The continuation of the Joint Liaison Group until 2000 was a by-product of the Joint Declaration negotiations, a gift by Beijing in return for Britain reluctantly allowing the bilateral body to establish a base in Hong Kong far earlier than London would have preferred.
At the time, no one gave any thought to what role the JLG would play during its final 2.5 years. Nor was this considered during pre-handover discussions, as there were so many more urgent issues to tackle. Only last spring was it finally addressed, with former Governor Chris Patten insisting the body should play a high-profile monitoring role. That prompted a furious response from Beijing, which sees the JLG as having little, if any, remit beyond the handover.
In keeping with the general improvement in relations since July 1, that dispute has faded away and will not be allowed to overshadow this week's meeting. Britain's new team leader Alan Paul has quietly redefined the JLG. Mr Paul sees his job as reflecting the wishes of the Hong Kong public, and he has conveniently decided that the community wants the British team to adopt a low profile.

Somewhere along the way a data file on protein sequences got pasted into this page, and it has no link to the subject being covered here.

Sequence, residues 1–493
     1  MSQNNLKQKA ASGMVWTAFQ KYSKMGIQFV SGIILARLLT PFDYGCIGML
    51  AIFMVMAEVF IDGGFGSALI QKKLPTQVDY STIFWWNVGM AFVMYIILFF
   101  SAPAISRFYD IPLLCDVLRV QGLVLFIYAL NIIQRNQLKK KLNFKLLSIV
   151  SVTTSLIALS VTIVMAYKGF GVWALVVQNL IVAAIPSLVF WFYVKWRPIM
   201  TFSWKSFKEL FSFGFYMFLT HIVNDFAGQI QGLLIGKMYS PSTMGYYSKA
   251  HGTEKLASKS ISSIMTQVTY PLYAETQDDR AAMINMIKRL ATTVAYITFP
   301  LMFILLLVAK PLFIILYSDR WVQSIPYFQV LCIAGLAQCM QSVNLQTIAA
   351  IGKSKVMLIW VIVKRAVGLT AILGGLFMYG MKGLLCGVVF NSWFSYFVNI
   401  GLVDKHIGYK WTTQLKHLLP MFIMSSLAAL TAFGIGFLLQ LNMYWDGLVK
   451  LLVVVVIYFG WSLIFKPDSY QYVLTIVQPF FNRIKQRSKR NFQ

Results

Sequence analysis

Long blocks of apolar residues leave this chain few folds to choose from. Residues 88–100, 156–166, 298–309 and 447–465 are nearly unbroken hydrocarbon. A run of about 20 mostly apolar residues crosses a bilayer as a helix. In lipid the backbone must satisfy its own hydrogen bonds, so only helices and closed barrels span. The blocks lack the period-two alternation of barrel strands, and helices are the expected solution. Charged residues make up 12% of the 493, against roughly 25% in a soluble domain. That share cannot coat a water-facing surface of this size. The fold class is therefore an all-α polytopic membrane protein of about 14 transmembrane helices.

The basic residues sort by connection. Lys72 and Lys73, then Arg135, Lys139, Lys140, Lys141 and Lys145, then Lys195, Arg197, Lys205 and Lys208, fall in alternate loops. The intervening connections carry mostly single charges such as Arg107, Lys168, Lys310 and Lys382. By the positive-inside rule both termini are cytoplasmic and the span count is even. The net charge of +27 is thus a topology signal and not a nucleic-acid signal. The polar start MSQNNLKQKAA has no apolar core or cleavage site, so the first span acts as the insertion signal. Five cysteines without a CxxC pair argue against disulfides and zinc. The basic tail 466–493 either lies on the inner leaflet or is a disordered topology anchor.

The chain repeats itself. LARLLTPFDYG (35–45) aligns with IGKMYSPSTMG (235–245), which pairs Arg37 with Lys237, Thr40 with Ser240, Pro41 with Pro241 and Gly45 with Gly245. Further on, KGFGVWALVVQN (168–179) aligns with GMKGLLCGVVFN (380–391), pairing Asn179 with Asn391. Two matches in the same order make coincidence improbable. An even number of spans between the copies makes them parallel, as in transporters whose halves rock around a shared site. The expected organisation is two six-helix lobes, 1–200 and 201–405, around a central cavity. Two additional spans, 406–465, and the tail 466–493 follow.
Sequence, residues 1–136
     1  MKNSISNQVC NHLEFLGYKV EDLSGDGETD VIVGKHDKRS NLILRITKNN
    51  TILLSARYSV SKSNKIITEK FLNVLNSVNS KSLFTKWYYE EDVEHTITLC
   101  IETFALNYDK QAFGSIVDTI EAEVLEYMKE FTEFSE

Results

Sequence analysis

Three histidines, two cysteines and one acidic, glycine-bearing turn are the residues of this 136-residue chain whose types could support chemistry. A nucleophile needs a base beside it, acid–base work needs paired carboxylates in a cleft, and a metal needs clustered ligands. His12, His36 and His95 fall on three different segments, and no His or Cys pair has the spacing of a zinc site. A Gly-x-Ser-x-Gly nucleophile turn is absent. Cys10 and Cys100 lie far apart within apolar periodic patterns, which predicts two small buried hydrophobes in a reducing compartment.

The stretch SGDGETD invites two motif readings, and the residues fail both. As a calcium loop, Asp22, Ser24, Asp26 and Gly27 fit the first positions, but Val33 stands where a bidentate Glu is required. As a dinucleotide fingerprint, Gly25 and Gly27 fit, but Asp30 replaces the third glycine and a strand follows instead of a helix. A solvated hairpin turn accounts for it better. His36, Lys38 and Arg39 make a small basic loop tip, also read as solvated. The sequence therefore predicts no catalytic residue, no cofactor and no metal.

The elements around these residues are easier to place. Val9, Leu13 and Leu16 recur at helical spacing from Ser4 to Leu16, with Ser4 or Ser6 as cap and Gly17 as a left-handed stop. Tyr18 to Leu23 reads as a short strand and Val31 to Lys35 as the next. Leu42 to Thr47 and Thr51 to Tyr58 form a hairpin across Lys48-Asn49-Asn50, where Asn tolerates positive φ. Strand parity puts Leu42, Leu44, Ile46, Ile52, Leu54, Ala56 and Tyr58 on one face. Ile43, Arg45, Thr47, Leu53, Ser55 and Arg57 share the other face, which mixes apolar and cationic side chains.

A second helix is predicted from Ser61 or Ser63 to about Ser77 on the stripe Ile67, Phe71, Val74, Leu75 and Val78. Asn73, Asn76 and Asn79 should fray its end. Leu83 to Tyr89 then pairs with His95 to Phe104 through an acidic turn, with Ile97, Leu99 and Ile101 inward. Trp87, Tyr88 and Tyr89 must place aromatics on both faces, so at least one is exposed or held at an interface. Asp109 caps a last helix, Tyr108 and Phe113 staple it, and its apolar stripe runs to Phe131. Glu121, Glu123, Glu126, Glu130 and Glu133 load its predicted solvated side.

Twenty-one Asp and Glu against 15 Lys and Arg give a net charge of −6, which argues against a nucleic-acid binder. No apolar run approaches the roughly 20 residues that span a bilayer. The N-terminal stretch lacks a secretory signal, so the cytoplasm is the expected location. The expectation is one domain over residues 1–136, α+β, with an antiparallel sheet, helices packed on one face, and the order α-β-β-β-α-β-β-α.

Far from continuing Britain's pre-handover policy of urging the international community to monitor the changes to electoral arrangements, Mr Paul's announcement that London will not be sending an official delegation to observe next May's polls should discourage others from doing so. It may also create problems for European parliamentarians who planned to constitute themselves into a monitoring team.
But it is not only Britain which has been offering gifts to improve the atmosphere. Beijing's announcement that it will submit reports on human rights in Hong Kong to the United Nations removed the one major dispute still remaining between the two sides. Even if London protests about the new electoral arrangements this week, it will only be doing so for form's sake.
The new mood in the JLG is shown by the unprecedented joint press conference the two team leaders will hold today. Until now, these have always been held separately because of the numerous issues which divided them. But now that the JLG is seen by Britain as a tool for improving bilateral ties, a joint appearance is symbolically important. And China, which sees no significant role for the JLG to play, is only too happy to oblige.